A study released this week shows how the tyrannosaurus consumed different resources at multiple stages of growth. Modern meat-eating mammals can easily be arranged in a chart showing average adult size – each of these animals have a unique effect on their own ecosystem. Given the average size of adult dinosaurs, there appeared to be a massive gap in the middle of the chart from smallest to largest.
A gap exists in the chart of adult meat-eating dinosaurs for each of the three main periods of the Mesozoic. The Triassic, Jurassic, and Cretaceous have a serious lack of medium-sized “meat eating meat-asauruses” (as Ariana Richards’ Lex called them in Jurassic Park).
Why in modernity do we have carnivores in a neat range, from small to lion-sized, but back in dinosaur times, we didn’t? Researchers From the University of New Mexico and the University of Nebraska proposed a new theory: Morphospecies.
ABOVE: Fig. 3 The dinosaur gap versus modern carnivorous mammals. (A) Carnivorous mammals of Kruger National Park organized to scale by mass. (B) Carnivorous dinosaurs of Dinosaur Park Formation if the largest carnivore were scaled equally to the largest mammalian carnivore in Kruger. Infants (gray) of the largest species shown below adult to show relative growth requirement. IMAGE, DESCRIPTION: UNM Biology Department.
You might’ve heard about the shift from the old way of thinking about dinosaurs and the new, the shift over the past few decades that reduced the number of individual species of dinosaurs from a lot to… significantly less than previously suspected. If you’ve never seen the TED Talk with Jack Horner about “Shape-shifting dinosaurs”, I suggest you take the time to do so – it’s one of the most-watched TED Talks in the history of TED Talks.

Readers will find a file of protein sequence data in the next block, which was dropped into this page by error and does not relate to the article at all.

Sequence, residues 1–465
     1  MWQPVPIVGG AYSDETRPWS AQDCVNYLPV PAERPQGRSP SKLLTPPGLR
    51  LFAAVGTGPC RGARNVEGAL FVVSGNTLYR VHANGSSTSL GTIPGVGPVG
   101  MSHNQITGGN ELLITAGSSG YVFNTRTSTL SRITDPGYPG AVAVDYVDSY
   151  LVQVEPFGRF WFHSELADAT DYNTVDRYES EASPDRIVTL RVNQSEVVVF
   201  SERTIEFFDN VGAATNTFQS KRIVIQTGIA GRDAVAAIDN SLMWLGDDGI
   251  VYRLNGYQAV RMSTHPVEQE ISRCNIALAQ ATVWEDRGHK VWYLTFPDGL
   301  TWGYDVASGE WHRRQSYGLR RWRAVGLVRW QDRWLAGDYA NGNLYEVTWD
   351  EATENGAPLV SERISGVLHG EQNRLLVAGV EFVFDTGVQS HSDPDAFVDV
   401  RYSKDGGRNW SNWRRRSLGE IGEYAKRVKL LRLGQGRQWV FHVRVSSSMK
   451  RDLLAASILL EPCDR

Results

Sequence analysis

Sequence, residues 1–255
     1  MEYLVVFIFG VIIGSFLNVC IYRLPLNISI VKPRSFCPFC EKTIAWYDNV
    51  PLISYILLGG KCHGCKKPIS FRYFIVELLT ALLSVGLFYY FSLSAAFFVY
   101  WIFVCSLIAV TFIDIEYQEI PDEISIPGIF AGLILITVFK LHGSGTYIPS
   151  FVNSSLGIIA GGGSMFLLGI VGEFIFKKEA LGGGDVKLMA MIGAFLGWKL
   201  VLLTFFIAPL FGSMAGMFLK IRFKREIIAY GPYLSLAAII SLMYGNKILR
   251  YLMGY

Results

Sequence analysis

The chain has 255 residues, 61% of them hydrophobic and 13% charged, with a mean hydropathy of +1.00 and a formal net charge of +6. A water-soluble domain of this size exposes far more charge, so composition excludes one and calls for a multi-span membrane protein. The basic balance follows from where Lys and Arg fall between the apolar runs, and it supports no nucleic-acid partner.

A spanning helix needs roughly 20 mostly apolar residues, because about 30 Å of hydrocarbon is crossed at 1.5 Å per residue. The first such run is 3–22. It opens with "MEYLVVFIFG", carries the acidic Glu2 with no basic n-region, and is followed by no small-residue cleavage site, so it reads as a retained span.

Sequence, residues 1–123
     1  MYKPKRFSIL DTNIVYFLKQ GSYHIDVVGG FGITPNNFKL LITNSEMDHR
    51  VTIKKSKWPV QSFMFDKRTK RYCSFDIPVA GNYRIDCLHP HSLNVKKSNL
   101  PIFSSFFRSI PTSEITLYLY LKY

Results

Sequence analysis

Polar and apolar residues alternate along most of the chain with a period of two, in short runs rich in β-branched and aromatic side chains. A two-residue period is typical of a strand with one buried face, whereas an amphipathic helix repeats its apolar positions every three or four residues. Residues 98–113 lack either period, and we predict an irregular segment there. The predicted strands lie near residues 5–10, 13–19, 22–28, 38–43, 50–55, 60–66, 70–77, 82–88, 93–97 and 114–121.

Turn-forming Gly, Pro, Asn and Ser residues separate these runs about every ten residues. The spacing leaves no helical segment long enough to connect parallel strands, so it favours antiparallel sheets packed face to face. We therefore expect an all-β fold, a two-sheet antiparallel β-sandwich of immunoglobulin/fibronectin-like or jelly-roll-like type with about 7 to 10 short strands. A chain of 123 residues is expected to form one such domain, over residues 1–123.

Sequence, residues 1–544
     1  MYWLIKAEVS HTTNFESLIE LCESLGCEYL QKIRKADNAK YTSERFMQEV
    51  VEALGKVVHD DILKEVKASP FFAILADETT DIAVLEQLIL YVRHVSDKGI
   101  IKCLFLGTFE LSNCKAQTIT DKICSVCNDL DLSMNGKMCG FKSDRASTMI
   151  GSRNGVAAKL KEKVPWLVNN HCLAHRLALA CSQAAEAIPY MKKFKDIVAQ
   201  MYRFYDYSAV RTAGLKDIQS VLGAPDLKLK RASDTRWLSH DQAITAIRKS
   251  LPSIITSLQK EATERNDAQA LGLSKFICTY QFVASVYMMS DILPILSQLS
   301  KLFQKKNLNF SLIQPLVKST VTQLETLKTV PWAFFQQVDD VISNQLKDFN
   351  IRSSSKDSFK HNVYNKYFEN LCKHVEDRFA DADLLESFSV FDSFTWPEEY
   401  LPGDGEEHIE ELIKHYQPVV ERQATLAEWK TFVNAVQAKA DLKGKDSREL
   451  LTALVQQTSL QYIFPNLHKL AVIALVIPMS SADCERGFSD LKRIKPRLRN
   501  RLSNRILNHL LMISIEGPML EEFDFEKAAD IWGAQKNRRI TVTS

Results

Keep this in mind as you read the rest of of the paper published this week by researchers (as outlined above). The old way of thinking about each individual set of bones as a new dinosaur allowed scientists to see a range of dinosaur sizes that was far more “complete”, like we see with carnivores in modernity. When people like Jack Horner came around, that theory was shattered.
Now, with this latest research, the morphospecies theory makes sense of the shattered pieces of this puzzle. We don’t see individual meat-eating dinosaurs filling every size gap from small to large because dinosaurs like T-rex were there, capitalizing on their entire range of sizes as they grew from tiny baby, just out of an egg, to most massive meat-eater of them all.
Tyrannosaurus was so effective a carnivore that it had a significant impact on the ecosystem in which it lived at every stage of growth. Why have mid-ranged carnivore dinosaurs when you could just have more T-rex?
For more information, take a peek at the paper “The influence of juvenile dinosaurs on community structure and diversity” as published in Science. This paper was authored by Katlin Schroeder, S. Kathleen Lyons, and Felisa A. Smith. Research can be found with code DOI:10.1126/science.abd9220 as published in Science Volume 371, Issue 6532, February 26, 2021.